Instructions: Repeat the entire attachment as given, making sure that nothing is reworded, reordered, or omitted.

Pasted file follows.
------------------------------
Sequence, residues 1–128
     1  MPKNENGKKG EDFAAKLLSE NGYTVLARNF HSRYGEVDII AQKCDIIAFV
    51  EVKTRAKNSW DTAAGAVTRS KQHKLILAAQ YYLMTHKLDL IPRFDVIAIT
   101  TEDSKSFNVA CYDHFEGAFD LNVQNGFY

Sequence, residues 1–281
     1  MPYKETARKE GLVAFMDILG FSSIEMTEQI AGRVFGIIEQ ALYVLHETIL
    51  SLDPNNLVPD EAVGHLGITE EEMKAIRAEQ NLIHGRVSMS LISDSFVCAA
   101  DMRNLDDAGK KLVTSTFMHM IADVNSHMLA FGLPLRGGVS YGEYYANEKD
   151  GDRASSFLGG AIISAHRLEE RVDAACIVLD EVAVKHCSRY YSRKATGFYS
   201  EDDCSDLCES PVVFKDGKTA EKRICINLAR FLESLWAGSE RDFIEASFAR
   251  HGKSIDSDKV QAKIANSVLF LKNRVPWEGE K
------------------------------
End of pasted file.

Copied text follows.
Sequence, residues 1–128
     1  MPKNENGKKG EDFAAKLLSE NGYTVLARNF HSRYGEVDII AQKCDIIAFV
    51  EVKTRAKNSW DTAAGAVTRS KQHKLILAAQ YYLMTHKLDL IPRFDVIAIT
   101  TEDSKSFNVA CYDHFEGAFD LNVQNGFY

Sequence, residues 1–281
     1  MPYKETARKE GLVAFMDILG FSSIEMTEQI AGRVFGIIEQ ALYVLHETIL
    51  SLDPNNLVPD EAVGHLGITE EEMKAIRAEQ NLIHGRVSMS LISDSFVCAA
   101  DMRNLDDAGK KLVTSTFMHM IADVNSHMLA FGLPLRGGVS YGEYYANEKD
   151  GDRASSFLGG AIISAHRLEE RVDAACIVLD EVAVKHCSRY YSRKATGFYS
   201  EDDCSDLCES PVVFKDGKTA EKRICINLAR FLESLWAGSE RDFIEASFAR
   251  HGKSIDSDKV QAKIANSVLF LKNRVPWEGE K